Fatal crash biker 'had taken cocaine'

A MOTORCYCLIST who died after losing control of his bike and running into the back of a car had taken cocaine before the accident, an inquest has been told.

Annie Davidson

A MOTORCYCLIST who died after losing control of his bike and running into the back of a car had taken cocaine before the accident, an inquest has been told.

John Thompson, 49, was doing a minimum of 68mph along the B1027 in Colchester Road in St Osyth when his 1200cc Suzuki Bandit collided with a Mitsubishi Colt.

Both vehicles were travelling towards Colchester and the Mitsubishi, driven by John Bartlett, had slowed down to turn into Oaklands Holiday Park.


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The inquest heard from Pc Kevin Carter, of the Essex Police traffic investigation unit, who said Mr Thompson, of Great Bentley, had “reacted, albeit late, to the Mitsubishi” and braked excessively which led to him losing control of the bike.

The first skid mark found on the road was nearly 230 feet from where Mr Thompson's body was found in a lay-by after the impact.

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A post mortem examination revealed he had died of multiple injuries and he had probably taken the cocaine within a few hours leading up to his death on October 27 last year.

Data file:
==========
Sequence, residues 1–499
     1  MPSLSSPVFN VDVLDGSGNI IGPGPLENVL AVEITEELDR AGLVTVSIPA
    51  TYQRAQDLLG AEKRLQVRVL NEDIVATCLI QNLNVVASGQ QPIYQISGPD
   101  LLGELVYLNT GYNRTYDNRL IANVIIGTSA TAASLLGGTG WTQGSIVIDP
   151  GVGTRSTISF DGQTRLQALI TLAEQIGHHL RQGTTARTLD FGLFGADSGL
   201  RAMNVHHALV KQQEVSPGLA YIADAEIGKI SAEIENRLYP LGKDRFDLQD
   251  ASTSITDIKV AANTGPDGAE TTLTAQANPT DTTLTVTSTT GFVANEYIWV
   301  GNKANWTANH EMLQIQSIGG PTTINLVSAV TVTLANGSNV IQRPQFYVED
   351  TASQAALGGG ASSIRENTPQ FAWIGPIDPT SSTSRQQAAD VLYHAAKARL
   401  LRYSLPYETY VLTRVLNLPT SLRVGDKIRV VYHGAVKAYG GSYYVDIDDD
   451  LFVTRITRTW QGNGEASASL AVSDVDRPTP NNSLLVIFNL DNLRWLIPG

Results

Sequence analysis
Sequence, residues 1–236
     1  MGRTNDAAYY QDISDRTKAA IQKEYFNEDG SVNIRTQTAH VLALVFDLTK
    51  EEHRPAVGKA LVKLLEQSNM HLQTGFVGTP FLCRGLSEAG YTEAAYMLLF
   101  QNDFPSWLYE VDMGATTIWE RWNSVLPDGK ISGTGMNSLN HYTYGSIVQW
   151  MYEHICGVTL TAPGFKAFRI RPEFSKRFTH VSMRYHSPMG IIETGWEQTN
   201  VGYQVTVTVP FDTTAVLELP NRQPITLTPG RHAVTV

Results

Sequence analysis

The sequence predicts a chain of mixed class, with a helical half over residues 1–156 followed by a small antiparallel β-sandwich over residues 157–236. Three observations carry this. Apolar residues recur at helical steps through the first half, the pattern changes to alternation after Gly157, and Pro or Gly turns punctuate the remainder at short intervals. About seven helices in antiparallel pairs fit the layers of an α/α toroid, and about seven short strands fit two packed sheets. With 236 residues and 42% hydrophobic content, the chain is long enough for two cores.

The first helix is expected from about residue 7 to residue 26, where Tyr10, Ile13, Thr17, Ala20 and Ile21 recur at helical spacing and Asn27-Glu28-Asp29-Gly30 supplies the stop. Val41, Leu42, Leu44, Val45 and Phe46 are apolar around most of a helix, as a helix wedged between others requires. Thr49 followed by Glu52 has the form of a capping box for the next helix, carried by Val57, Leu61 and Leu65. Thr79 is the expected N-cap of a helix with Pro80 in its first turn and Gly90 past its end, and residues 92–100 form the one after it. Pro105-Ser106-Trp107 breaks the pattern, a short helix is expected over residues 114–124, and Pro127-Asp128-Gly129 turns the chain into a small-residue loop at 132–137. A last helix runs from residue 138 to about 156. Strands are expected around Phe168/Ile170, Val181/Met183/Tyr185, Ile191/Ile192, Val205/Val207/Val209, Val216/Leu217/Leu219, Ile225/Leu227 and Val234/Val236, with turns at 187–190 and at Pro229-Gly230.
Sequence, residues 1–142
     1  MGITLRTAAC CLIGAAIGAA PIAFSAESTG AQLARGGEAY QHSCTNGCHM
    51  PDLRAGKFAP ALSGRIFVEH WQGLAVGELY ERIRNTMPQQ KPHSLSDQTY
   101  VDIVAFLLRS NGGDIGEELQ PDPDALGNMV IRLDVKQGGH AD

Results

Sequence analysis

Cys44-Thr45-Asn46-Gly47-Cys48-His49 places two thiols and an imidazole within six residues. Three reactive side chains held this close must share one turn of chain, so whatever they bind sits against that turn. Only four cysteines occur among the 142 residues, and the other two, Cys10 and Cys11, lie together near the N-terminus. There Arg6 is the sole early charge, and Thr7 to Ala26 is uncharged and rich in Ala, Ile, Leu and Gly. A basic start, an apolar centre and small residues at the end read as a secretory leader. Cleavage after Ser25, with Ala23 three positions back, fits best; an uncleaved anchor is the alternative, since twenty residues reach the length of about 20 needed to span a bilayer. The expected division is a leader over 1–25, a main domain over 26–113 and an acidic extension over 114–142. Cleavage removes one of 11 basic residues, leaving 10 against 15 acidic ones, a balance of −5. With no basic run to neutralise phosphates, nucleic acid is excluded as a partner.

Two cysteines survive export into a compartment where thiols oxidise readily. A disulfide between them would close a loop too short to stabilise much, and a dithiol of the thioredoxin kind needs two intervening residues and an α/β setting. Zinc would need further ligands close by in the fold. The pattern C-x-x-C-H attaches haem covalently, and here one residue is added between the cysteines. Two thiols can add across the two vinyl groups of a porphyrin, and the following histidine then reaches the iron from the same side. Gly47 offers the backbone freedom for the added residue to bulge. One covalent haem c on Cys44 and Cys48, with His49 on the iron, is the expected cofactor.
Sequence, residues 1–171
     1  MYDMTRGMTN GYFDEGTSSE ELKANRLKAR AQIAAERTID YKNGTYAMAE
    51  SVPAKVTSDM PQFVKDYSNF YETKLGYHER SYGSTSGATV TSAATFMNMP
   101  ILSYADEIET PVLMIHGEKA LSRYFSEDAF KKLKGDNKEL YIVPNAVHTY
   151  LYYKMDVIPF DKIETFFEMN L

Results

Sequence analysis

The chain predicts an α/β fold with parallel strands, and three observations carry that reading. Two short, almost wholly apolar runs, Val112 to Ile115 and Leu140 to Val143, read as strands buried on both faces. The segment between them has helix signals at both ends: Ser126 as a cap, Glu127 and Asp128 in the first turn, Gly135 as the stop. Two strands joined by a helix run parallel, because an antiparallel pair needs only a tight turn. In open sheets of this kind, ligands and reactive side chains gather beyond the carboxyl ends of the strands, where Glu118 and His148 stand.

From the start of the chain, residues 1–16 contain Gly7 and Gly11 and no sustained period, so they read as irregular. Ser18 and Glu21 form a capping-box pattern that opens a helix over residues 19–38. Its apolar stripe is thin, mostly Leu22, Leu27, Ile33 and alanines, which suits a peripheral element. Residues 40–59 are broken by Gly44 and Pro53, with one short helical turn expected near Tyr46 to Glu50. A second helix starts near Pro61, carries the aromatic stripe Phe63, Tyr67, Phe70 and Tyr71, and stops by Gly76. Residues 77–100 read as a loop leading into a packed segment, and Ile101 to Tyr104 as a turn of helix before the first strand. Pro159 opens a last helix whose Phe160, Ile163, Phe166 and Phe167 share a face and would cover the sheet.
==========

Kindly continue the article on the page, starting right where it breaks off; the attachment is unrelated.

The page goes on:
Pc Carter said the level of cocaine in Mr Thompson's body was such that it could have led to him “misjudging the situation that developed ahead of him.”

Mr Bartlett fought back tears as he told how he had not seen the bike in his rear view mirror and the first he knew was when he felt a thud.

“I looked in the rear view mirror prior to signalling and there was nothing at all there,” he said.

“I wasn't sure what had happened to start with and then I saw the motorcycle go by and then the motorcyclist and I realised he must have hit the back of my car.

“I pulled up to the left hand side, in front of where Mr Thompson was. He wasn't moving at all so I grabbed my phone and dialled 999.”

Michael Marvel, who was driving in the opposite direction, told how he saw the bike and Mr Thompson going through the gap between the car and the verge and landing on the road.

“I could not see any reason why the bike appeared to lose control,” he said.

“I didn't even know that it had hit the car at that point.”

He added: “It is a pity we couldn't do anything for the deceased…I did see some flowers on the side of the road afterwards.

“I did not know the gentleman or his wife but I do hope that everything turns out fine for you.”

Mr Thompson's partner, Heather, who was at the inquest supported by friends and family, replied: “Thank you.”

Assistant deputy coroner Chinyere Inyama recorded a verdict of accidental death.

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